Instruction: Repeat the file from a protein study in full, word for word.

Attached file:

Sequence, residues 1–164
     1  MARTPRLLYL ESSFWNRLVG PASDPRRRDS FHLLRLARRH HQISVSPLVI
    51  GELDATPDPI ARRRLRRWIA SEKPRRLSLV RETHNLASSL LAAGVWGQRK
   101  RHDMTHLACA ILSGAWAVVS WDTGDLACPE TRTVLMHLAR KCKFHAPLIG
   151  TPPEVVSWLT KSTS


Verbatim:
Sequence, residues 1–164
     1  MARTPRLLYL ESSFWNRLVG PASDPRRRDS FHLLRLARRH HQISVSPLVI
    51  GELDATPDPI ARRRLRRWIA SEKPRRLSLV RETHNLASSL LAAGVWGQRK
   101  RHDMTHLACA ILSGAWAVVS WDTGDLACPE TRTVLMHLAR KCKFHAPLIG
   151  TPPEVVSWLT KSTS